The folk spirit of “Haitian Fight Song” open the first side. It also has a bit of the old black church in it. “Blue Cee” is a standard blues which Mingus feels has some Basie and church-like feelings in it. “Reincarnation of a Lovebird” on the second side recalls Mingus’ relationship with Charlie Parker, which was also volatile. It has a mournful sort of mood.
The last track, “The Clown,” (at 12 1/2 minutes) features the narration of the great monologist Jean Shepard. Mingus says he was playing a little tune on the piano that sounded happy. Then he hit a dissonance, and decided the piece had to have two parts. He told the story of the clown to Jean Shepard, about a character who tried to please people like most jazz musicians, but nobody liked him until he was dead. Every time the group performed it live, Shepard improvised and changed the story, just like a jazz improvisor. He even created an ending which leaves it up to the listener rather than explaining that the clown killed himself.
This was recorded by Tom Dowd and Larry Hiller and supervised by Nesuhi Ertegun. It is undoubtedly one of the great Mingus sessions, with excellent fidelity of all five instruments, and probably a must-have for all jazz collectors. » John Henry, Audiophile Audition, Nov 15, 2016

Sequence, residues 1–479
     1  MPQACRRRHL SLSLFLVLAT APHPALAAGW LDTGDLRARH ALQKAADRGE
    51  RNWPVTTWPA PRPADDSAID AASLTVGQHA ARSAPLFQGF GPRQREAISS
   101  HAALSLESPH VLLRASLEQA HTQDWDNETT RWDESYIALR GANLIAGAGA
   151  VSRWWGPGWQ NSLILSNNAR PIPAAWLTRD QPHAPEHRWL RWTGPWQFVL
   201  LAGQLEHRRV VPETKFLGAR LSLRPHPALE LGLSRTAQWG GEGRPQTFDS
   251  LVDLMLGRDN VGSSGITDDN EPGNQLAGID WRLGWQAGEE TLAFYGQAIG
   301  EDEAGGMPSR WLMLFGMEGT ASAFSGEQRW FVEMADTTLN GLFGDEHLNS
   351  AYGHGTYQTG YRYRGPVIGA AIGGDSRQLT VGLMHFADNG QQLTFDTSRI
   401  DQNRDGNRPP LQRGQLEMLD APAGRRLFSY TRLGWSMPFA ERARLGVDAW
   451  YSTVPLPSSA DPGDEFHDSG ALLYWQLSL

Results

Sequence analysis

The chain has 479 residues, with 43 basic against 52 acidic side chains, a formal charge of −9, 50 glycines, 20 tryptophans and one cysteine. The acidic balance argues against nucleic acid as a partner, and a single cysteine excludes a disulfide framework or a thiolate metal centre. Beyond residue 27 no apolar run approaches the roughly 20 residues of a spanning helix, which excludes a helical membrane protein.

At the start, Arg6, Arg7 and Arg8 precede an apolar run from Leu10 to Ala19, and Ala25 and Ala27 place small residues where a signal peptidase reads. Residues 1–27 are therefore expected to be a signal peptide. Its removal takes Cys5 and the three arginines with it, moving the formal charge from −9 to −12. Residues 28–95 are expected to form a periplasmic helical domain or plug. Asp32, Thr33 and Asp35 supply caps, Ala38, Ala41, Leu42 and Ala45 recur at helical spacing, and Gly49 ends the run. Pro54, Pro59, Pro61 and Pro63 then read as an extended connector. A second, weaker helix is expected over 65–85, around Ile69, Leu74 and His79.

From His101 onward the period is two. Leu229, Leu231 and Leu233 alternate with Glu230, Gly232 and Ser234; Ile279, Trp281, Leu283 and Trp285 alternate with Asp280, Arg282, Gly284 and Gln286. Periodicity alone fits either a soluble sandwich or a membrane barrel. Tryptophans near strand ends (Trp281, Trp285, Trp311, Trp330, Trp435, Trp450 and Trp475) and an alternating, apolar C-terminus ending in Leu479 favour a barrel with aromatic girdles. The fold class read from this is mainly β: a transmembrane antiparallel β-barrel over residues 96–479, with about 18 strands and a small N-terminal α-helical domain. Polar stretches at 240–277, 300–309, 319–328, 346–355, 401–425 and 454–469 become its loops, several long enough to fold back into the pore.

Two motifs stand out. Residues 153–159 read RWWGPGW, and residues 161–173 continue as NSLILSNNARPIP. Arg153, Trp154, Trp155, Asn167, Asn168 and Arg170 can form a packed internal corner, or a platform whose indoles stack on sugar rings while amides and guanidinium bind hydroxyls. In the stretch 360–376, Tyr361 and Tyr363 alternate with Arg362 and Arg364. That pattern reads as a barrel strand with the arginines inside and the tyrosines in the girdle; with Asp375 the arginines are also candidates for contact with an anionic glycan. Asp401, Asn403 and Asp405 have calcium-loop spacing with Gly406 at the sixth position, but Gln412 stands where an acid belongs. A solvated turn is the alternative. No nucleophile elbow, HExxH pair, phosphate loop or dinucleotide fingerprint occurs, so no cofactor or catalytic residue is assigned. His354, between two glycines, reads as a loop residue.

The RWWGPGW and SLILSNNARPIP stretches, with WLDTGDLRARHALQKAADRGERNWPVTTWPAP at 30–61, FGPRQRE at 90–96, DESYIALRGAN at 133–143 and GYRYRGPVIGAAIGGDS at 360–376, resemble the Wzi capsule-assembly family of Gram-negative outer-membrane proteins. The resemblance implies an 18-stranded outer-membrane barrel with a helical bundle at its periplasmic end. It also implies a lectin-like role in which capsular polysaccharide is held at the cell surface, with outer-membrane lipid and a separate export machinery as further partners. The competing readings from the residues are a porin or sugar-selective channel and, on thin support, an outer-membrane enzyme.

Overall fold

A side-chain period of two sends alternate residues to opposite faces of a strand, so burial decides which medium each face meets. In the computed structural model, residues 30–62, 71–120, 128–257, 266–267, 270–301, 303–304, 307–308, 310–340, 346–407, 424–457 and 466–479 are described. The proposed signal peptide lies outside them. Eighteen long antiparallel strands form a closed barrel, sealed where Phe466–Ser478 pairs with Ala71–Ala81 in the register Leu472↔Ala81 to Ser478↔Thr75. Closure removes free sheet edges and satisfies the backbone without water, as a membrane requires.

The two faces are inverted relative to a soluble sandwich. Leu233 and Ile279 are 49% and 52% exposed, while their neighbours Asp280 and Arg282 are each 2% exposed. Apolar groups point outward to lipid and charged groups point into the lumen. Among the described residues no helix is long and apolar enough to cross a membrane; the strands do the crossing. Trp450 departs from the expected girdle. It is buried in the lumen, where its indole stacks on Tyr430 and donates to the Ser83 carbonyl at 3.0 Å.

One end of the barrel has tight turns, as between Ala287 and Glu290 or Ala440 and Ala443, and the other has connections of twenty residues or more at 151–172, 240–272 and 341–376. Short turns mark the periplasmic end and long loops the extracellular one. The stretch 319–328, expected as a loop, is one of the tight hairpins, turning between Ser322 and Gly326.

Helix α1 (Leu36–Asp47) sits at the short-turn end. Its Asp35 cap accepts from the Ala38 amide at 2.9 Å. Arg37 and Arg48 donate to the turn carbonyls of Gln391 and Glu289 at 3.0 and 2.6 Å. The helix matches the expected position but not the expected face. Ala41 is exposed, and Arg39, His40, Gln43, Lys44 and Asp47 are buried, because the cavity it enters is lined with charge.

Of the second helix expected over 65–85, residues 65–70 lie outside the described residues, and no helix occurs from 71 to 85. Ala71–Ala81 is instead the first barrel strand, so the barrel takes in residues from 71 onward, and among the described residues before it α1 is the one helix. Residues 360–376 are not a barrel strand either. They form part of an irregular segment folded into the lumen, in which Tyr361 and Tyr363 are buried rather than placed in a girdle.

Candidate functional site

The Clown tells the story of a clown "who tried to please people like most jazz musicians do, but whom nobody liked until he was dead. My version of the story ended with his blowing his brains out with the people laughing and finally being pleased because they thought it was part of the act. I liked the way Jean changed the ending; leaves it more up to the listener." According to a later biography, Mingus was a fan of Shepard's radio show on WOR, and outlined a concept for Shepard but encouraged him to elaborate and improvise. » Gene Santoro, Myself When I am Real: The Life and Music of Charles Mingus. Oxford University Press
Who hasn't got an ancient, worn-out copy of "The Clown" on his shelf, with a tatty cover and torn inner sleeve? Or maybe one of the rare re-releases made of cheap, thin vinyl with dreadful graphic art? And if you haven't heard this gem for a long time, despite the flood of Mingus LPs, CDs and downloads on the market, then you really should seize this opportunity to do so.
"The Clown" was, and still is, an absolute must-have for every jazz collector. The small ensemble, only five musicians, came into the New York Atlantic Records studio in March 1957 to record music exclusively composed by the double bassist. Over the next 15 years, three of them were to be heard in numerous concerts with other ensembles. But the original recordings on this LP were the most deeply concentrated, the most versatile, and quite simply the best of all. The more so because the label attached great importance to optimal studio conditions and allowed the instrumentalists plenty of time to make the recordings.
Allmusic : 5 / 5 , Discogs : Rate Your Music :